The First Gospel does not give the name of its author. But earliest Christian tradition says that the Apostle Matthew is the author. The early Christians were in a much better position than we are today to say who wrote the book. We have no good reason not to take their word for it. Matthew was one of the twelve disciples. He is also known as Levi. He is mentioned in all four of the lists of the Twelve given in the New Testament [Matthew 10:3]; [Mark 3:18]; [Luke 6:15] and [Acts 1:3]. The call of Matthew (Levi) to be a disciple is recorded in each of the Gospels [Mat. 9:9]ff; [Mark 2:14]ff and [Luke 5:27]ff. In the accounts of the calling of Matthew we learn that he was a tax collector or “publican.” He was probably employed by Herod Antipas to collect taxes on goods passing through Capernaum. Tax collectors were generally hated by the Jews and put in the same class as other “sinners.” Jesus therefore shows himself a true friend of sinners by calling Matthew to be one of his Twelve Disciples. Since Matthew immediately followed Jesus when called at Capernaum, we assume that Matthew had some acquaintance with Jesus earlier. After his calling by Jesus, Matthew gave a banquet for Jesus. Matthew also invited other tax collectors and “sinners.” By this action Matthew shows himself to be a real evangelist, since he wants other sinners to learn of Jesus also. Apart from Matthew’s name in the lists of disciples and the accounts of his call by Jesus, we learn nothing more about him in the New Testament. His name “Matthew” means “gift of the Lord.” He perhaps changed his name from Levi to Matthew after he became a disciple. [Mark 2:14] tells us that his father’s name was Alphaeus.


We do not know exactly when Matthew wrote his Gospel. He evidently wrote quite some time after Jesus’ death and rising. This is assumed because he uses the expressions “to this day” and “to this very day” in telling of passion events and resurrection events. Those expressions suggest that some years had passed before Matthew wrote his Gospel. But Matthew evidently wrote before the destruction of Jerusalem by the Romans in 70 A.D. He makes no mention of that destruction, even though his chapter 24 prophesies it. If we want to guess when Matthew wrote his Gospel, perhaps we could say sometime in the 60s A.D. We do not know where Matthew was when he wrote his Gospel. Some early church fathers assumed he wrote from Judea; other scholars say Antioch in Syria; still others have mentioned Egypt. We do not know.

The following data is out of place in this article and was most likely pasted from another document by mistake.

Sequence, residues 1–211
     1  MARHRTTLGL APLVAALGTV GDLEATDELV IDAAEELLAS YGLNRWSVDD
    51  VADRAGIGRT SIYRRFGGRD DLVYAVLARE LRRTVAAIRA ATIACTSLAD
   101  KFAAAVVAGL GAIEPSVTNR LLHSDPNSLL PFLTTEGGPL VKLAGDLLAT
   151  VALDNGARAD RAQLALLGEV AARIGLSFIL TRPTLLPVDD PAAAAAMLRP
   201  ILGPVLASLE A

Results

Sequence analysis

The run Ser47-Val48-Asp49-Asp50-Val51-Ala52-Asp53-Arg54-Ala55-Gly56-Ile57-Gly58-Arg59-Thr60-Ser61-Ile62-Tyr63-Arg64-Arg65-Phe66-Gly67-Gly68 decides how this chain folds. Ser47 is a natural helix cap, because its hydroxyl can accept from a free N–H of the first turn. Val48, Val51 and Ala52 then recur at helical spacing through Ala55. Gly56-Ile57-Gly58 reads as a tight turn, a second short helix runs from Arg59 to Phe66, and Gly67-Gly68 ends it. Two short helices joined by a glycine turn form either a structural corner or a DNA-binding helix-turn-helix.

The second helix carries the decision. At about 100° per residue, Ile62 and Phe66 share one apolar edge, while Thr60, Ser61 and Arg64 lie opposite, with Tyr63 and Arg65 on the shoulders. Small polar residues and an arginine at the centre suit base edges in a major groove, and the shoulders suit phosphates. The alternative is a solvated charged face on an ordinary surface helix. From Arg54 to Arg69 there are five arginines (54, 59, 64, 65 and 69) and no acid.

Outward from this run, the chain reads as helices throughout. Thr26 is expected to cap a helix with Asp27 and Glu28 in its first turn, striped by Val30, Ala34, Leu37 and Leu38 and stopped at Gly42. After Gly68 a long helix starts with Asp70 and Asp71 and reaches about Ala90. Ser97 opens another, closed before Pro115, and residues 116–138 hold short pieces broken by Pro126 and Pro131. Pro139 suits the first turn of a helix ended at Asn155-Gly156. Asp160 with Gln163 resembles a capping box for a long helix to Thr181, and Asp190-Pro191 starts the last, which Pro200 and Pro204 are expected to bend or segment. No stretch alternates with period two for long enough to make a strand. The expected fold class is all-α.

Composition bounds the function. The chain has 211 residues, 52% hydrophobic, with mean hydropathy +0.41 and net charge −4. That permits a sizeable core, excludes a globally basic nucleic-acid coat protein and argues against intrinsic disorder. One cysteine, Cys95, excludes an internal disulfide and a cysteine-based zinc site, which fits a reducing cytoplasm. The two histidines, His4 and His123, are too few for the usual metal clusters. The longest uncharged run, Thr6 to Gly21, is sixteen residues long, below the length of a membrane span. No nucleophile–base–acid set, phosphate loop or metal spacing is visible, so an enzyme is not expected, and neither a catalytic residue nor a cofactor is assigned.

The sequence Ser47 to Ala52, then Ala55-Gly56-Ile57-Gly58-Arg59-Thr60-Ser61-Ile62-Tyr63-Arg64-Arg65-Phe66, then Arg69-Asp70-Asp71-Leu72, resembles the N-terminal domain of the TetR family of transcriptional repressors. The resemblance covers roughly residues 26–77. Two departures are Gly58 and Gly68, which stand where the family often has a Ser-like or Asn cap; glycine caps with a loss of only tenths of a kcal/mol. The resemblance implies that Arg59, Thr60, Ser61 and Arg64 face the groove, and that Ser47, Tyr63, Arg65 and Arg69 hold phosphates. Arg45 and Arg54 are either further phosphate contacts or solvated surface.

It is evident from Matthew’s Gospel that he was writing originally for Jewish readers. We say this for the following reasons: 1) Matthew is very careful to point out that the New Testament events he describes are a fulfilling of the Old Testament. Jews, who knew the Old Testament well would especially be interested in hearing this. 2) Matthew is especially interested in showing that Jesus is indeed the Messiah that the Old Testament had prophesied. Jewish readers would have to identify Jesus with the Messiah if they were to put their faith in him. (Go to Matthew 1:1 to see how Matthew immediately connects Jesus with Old Testament messianic prophesies.) 3) Matthew mentions Jewish laws, customs, and locations without explaining them to his readers. Jewish readers would know these things already. Gentiles would need explanations. More than the other Gospels, Matthew serves to connect the Old Testament with the New Testament. He says that the Old Testament is fulfilled in Jesus’ words and works. He says that Jesus is the Messiah that the Old Testament long prophesied. Of course the other Gospels say this too. But Matthew very much stresses the connection between the Old and New Testaments. It is fitting that Matthew’s book should come immediately after that of Malachi. Matthew joined the two Testaments beautifully for the original Jewish readers and for readers of all nationalities today.


1.He shows Jesus to be the Messiah and King. 2.He shows Christianity to be the fulfillment of Old Testament prophecy. 3.He relates long discourses or sermons of Jesus, while the other Gospel writers tended to relate shorter sections of what Jesus said. (As examples, note “The Sermon on the Mount” where Jesus speaks for three whole chapters in Matthew 5-7. Note also chap. 10 when Jesus sends out the Twelve. Note the parables all grouped together in chap. 13.) 4.He emphasizes “The Kingdom of Heaven,” an expression that he uses 32 times. 5.There are a number of accounts and parables of Jesus that only Matthew relates.



  1. The Nativity of the Messiah-King (1-2)
  2. The Ministry of the Messiah-King (3-25)
  3. The Death and Resurrection of the Messiah-King (26-28)

Old Testament

Who is Moses and the prophets? More topics and answers found here.

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New Testament

Who is Jesus and why should I care? Here, you will find answers!

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